ittees that are concerned
4. Develops and issues regulations prescribing the conditions
under which student learners may be employed at wage rates lower
Bureau of Labor Statistics
1. Publishes the Occupational Outlook Handbook, the product of
a major research and publication program which provides employ-
ment information on major occupations for use in guidance,
primarily of young job-seekers. It is concerned with manpower
needs and employment opportunities in over 30 industries and
600 occupations, and provides up-to-date information on the
basis of which individuals can make career choices, and educa-
tional authorities and industry can develop their training plans.
The fifth edition will be available in the fall of 1961.
s the Occupational Outlook Quarterly four times a
supplements the Handbook with general articles of
counselors and new occupational outlook materials
available during the intervals between publication
ons of the Handbook.
3. Has experimental program to develop occupational information
for younger age groups than those for woman currently published
material is appropriate.
4. Periodically public
for the Monthly Report
statistics on youth in
and "Baployment of June
reports, are examples.
hes special reports, based on data collected
on the Labor Force, which gives current
the labor force. "Employment of Students"
High School Graduates," both annual
5. Irregularly conducts special studies
in-the-labor force field. Examples are
tcperience of Youth a Report on Seven
"Youth, Its Enployment and Occupational
prepared for the Senate Subcoamlnittee on
in the youth-
6. As requested, provides technical information and consultative
services on young people in relation to manpower requirements and
occupational outlook and also has representation on certain
coamaittees which are -concerned with aspects of youth employment.
Apprenticeship and Training
1. The Bureau's basic apprenticeship program established in 1937
is essentially a youth activity. Today most apprentices enter
training from high school or following military service in the
age group from 17 to 24. The legislative history of the program
is one of concern for safeguarding the welfare of youthful
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2. A considerable amount of time is spent each year by
Bureau of Apprenticeship and Training Field Staff in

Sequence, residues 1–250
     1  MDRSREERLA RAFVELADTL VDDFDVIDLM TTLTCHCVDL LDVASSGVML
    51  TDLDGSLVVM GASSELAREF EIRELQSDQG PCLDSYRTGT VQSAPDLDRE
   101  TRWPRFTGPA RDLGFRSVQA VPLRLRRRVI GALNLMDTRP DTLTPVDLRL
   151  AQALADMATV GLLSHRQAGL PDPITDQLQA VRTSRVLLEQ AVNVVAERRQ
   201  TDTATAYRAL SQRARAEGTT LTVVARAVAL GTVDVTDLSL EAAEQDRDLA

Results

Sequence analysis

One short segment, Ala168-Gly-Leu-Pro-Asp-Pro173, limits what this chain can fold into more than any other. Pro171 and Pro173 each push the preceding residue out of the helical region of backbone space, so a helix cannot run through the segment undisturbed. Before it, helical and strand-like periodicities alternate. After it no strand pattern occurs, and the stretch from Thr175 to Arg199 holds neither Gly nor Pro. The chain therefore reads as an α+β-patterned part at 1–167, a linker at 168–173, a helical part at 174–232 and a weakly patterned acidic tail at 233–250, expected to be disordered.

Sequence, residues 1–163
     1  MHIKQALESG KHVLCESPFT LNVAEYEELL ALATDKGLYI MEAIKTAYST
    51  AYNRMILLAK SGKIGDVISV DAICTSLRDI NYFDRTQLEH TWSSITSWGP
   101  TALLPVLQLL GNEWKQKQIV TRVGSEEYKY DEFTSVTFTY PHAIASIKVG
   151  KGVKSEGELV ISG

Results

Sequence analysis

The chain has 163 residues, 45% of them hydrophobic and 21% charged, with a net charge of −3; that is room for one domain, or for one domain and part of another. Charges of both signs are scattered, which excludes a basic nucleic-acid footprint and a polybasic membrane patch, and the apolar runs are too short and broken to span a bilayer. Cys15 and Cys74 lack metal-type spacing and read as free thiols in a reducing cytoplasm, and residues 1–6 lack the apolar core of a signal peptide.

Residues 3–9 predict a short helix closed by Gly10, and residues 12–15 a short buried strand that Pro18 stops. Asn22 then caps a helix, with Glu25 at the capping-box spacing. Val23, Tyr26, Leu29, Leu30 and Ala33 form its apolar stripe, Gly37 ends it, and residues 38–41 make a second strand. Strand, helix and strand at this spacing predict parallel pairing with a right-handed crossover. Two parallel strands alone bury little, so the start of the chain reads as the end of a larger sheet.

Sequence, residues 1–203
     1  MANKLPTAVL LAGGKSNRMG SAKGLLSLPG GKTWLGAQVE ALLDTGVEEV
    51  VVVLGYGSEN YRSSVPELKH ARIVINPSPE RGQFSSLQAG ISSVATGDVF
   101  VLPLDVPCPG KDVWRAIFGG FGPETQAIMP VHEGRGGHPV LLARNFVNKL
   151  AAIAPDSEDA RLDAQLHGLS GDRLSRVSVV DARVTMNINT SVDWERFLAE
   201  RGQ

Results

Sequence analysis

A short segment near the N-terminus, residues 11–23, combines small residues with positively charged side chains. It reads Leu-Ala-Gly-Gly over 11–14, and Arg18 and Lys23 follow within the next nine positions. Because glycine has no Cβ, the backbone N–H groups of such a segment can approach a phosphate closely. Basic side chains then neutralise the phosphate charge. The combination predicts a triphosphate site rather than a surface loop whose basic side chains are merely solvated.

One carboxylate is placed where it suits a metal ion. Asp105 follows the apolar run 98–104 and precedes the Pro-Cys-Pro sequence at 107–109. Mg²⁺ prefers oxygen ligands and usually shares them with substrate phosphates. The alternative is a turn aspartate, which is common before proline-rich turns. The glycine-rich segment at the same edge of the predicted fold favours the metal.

participating in high school guidance activities, pro-
viding graduates information on opportunities and require-
ments in apprenticeable occupations, including making talks
at career day programs.
A. Bureau of Employment Security
1. The general employment services provided by the public
employment offices are available to youth on the same basis
as they are to other categories of Job-seekers.
2. Bureau develops and distributes a variety of occupational
and labor force information which is useful in guidance of
youth as well as other job-seekers.
3. Bureau gives technical assistance to State employment
offices to help them strengthen and improve services generally.
B. Bureau of Labor Statistics
1. Regularly publishes the '"Monthly Report on the Labor Force"
which presents statistics on employment, unmploymnt rates,
etc., for the 14-19 and 20-24 year old groups, as well as for
the other age groups in the labor force.
C. Bureau of Apprenticeship and Training
1. Bureau of Apprenticeship and Training, in addition to its
work in apprenticeship, gives assistance to management, labor,
and public agencies in the establishment of other types of Job
training and experience to enable workers to qualify for
various lines of endeavor. Recent examples are: work with
hotel industry in Cincinnati in setting up training the hotel
industry occupations which afforded opportunity to unemployed
workers including youth to qualify for housekeeping department
jobs in this industry; also participating in program of City
of Cleveland to afford public service training and employment
for youth on various municipal projects.